Thursday, April 3, 2014

Dan Geer's Nightmare Scenario: An Internet Killer That Can't Be Fixed

Dan Geer is a friend and mentor whose writings have continually inspired my work in the area of data-driven security (versus network-driven security) since 2009. He has recently shared with me his latest talk given at the NSA on March 26, 2014 "APT in a World of Rising Interdependence" and has now given me the OK to share it with you. 

Amongst many insightful points, Dan describes a scenario which would knock most off the world off-line, and for which there would be no no near-term recovery as of today or the near-future unless a dedicated, expensive effort is made to fix this problem.
Lest some of you think this is all so much picayune, tendentious, academic perfectionist posturing, here is how to deny the Internet to a large fraction of its users.  There are better methods, there are more insidious methods, there are darker paths.   
My apologies to those of you who are aware of what I am about to describe, but this one example of many is known to several of us, known in the here and now:  Home routers have drivers and operating systems that are binary blobs amounting to snapshots of the state of Linux plus the lowest end commodity chips that were extant at the time of the router's design.  Linux has moved on.  Device drivers have moved on.  Samba has moved on.  Chipsets have moved on.  But what is sold at Best Buy or the like is remarkably cheap and remarkably old.   
At the chip level, there are only three major manufacturers, so Gorman's 43% threshold is surpassed.  With certainty born of long engineering experience, I assert that those manufacturers can no longer build their deployed software blobs from source.  If, as my colleague Jim Gettys has laboriously measured, the average age of the code base on those ubiquitous low-end routers is 4-5 years,[JG] then you can be assured that the CVE catalog lists numerous methods of attacking those operating systems and device drivers remotely.[CV]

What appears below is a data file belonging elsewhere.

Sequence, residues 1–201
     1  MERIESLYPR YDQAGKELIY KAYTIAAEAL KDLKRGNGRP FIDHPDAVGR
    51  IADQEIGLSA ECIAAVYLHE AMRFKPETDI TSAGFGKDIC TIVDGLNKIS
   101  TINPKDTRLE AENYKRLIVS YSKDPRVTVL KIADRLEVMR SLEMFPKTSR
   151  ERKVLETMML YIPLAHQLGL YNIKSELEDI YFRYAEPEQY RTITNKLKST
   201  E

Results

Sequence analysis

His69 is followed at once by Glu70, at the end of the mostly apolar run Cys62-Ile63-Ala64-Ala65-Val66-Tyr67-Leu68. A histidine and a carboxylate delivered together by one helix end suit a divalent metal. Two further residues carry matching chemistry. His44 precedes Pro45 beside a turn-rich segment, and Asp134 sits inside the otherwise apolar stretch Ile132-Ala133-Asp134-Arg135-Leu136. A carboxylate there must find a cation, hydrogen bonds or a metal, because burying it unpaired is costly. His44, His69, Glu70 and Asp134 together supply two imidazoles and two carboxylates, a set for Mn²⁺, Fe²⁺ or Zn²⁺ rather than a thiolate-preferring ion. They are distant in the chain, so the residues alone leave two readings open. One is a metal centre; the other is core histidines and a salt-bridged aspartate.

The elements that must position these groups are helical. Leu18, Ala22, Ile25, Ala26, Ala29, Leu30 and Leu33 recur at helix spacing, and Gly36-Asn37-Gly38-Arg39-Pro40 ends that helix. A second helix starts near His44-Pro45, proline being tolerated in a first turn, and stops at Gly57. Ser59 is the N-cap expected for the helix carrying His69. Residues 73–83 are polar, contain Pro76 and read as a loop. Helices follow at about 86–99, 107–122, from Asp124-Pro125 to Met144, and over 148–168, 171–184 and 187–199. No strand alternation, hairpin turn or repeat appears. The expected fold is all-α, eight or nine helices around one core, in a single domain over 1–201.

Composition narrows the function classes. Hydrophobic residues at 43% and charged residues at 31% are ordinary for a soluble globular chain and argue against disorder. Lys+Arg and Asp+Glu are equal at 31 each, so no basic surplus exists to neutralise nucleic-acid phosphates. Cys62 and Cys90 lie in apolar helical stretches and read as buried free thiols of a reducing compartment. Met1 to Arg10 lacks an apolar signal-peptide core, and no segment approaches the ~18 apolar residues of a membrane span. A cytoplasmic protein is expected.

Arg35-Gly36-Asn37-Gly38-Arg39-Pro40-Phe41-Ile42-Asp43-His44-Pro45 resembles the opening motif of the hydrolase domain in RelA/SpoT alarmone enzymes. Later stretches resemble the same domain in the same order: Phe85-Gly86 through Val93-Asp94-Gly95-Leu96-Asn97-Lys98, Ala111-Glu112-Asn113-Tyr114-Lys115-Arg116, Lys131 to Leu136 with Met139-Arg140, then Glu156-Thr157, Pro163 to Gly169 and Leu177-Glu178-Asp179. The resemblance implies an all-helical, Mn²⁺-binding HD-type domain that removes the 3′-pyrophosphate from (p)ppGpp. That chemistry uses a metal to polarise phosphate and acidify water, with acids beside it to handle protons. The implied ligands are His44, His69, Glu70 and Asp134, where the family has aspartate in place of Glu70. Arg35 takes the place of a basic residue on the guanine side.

If I can commandeer them remotely, then I can build a botnet that is on the *outside* of the home network.  It need not ever put a single packet through the firewall, it need never be detectible by any means whatsoever from the interior of the network it serves, but it is most assuredly a latent weapon, one that can be staged to whatever level of prevalence I desire before I ask it to do more. 

All I need is to include in my exploit a way to signal that device to do three things:
  • stop processing anything it henceforth receives, 
  • start flooding the network with a broadcast signal that causes other peers to do the same, 
  • and zero the on-board firmware thus preventing reboot for all time.  
Now the only way to recover is to unplug all the devices, throw them in the dumpster, and install new ones -- but aren't the new ones likely to have the same kind of vulnerability spectrum in CVE that made this possible in the first place?  Of course they do, so this is not a quick trip to the big box store but rather flushing the entire design space and pipeline inventory of every maker of home routers.
I won't quote anything else from his talk because you should read it in its entirety, and can do so here. I will however mention that although Dan used the word "APT" in his talk's title, it had nothing to do with China (for those of you who still think that APT is a "who" and not a "what").

Thanks, Dan! 

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